General Elliott S. Miller

General Elliott S. Miller, the adjutant-general of North Dakota, has attained distinctive preferment in military and political circles, and is one of the representative and prominent citizens of Bismarck. He was born in McLean County, Illinois, November 15, 1846, a son of Sanford C. Miller, a native of Harrisonbury, West Virginia, who removed to Illinois in 1836 and died in that state. The mother died during the infancy of our subject and he never knew her given name.

General Miller was reared and educated in Bloomington, McLean County, Illinois, and when the Civil War broke out he enlisted, in August, 1861, in Company B, Thirty-ninth Illinois Volunteer Infantry. He took an active part in the West Virginia campaign, and in the engagements in the Shenandoah Valley, including the battle of Winchester, in March, 1862. After the battle of Antietam the regiment was transferred to South Carolina and was in the battle of Morris Island. They veteranized January 1, 1864, and were brought back to General Butler's army on the James River. Later they participated in the battles of Petersburg and Richmond and in the famous charge on Fort Gregg, and were in the engagement at Appomattox just before the surrender of General Lee. The government presented the regiment with their eagle in recognition of the gallant charge on Fort Gregg. General Miller was wounded in the head on Morris Island, in 1864, and before Richmond was wounded in the right arm and also in the shoulder and foot, being confined to the hospital for four months. He was mustered out as a sergeant December 16, 1865.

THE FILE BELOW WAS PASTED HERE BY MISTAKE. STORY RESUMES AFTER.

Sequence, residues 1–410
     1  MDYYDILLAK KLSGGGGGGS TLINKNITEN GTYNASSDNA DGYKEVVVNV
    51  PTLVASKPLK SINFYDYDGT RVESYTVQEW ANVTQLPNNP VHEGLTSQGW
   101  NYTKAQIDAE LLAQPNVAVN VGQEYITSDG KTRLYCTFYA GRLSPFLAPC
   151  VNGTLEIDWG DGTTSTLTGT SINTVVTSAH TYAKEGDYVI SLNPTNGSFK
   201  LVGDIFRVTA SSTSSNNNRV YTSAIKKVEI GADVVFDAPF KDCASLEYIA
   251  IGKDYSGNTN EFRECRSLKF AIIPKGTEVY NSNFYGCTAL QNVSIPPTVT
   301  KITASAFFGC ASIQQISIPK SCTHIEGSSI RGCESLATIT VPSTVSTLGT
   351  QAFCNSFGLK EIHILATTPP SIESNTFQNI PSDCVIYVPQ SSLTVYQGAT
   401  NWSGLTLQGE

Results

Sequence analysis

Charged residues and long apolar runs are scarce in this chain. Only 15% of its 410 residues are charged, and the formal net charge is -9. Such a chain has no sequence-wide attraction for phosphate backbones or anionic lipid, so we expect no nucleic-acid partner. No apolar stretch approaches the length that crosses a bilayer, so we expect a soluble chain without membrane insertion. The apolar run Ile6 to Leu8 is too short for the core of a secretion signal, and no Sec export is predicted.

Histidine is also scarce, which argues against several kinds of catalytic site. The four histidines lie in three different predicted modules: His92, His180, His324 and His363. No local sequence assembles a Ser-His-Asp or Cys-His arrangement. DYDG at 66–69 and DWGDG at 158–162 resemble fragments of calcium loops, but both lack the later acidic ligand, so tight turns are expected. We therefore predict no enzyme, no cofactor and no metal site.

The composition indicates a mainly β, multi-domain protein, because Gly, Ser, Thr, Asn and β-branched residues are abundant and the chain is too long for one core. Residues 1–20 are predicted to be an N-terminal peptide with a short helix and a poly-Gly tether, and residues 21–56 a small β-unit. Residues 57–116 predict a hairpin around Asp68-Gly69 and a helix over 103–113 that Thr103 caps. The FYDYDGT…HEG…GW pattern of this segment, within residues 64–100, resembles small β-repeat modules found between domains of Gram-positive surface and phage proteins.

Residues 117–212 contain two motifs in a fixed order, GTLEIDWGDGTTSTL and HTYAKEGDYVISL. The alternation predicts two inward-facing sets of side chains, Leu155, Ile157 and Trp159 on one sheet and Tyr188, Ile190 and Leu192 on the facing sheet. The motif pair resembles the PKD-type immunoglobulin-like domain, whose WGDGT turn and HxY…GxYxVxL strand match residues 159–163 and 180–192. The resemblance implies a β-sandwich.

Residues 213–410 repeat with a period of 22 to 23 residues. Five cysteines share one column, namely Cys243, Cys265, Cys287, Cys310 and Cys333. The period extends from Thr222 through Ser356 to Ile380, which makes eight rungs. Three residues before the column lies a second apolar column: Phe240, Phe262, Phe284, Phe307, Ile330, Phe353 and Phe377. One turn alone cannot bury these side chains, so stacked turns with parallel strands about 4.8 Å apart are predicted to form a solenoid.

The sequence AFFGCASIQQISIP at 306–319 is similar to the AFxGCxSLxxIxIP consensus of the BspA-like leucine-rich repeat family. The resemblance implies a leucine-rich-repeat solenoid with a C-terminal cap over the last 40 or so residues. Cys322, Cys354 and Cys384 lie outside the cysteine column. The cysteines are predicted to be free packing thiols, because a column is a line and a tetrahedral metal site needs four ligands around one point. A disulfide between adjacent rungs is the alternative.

Returning to Illinois, he made his home there until 1879, and the following year came to Jamestown, North Dakota, where he took up a homestead. He did not engage in farming, but followed contracting and building there for several years. In 1885 he was made quartermaster of the First North Dakota State Troops, and in 1891 was commissioned colonel of the regiment. Ile was appointed adjutant-general by Governor Roger Allen in 1895, and then removed to Bismarck, where he has since resided. He has met with marked success during his residence in this state and has also gained the respect and esteem of all with whom he has come in contact either in public or private life.

He has been a life-long Republican and has taken an active part in the councils of his party. He is a prominent Mason, a Knight Templar and a member of the Mystic Shrine, and is also an honored member of the Grand Army of the Republic, of which he has been inspector general of the department of North Dakota. He has also been a delegate to the national encampment from North Dakota, and was commander of W. H. Seward Post, of Jamestown, for five years.

Source: Compendium and History of North Dakota 1900 Page 189

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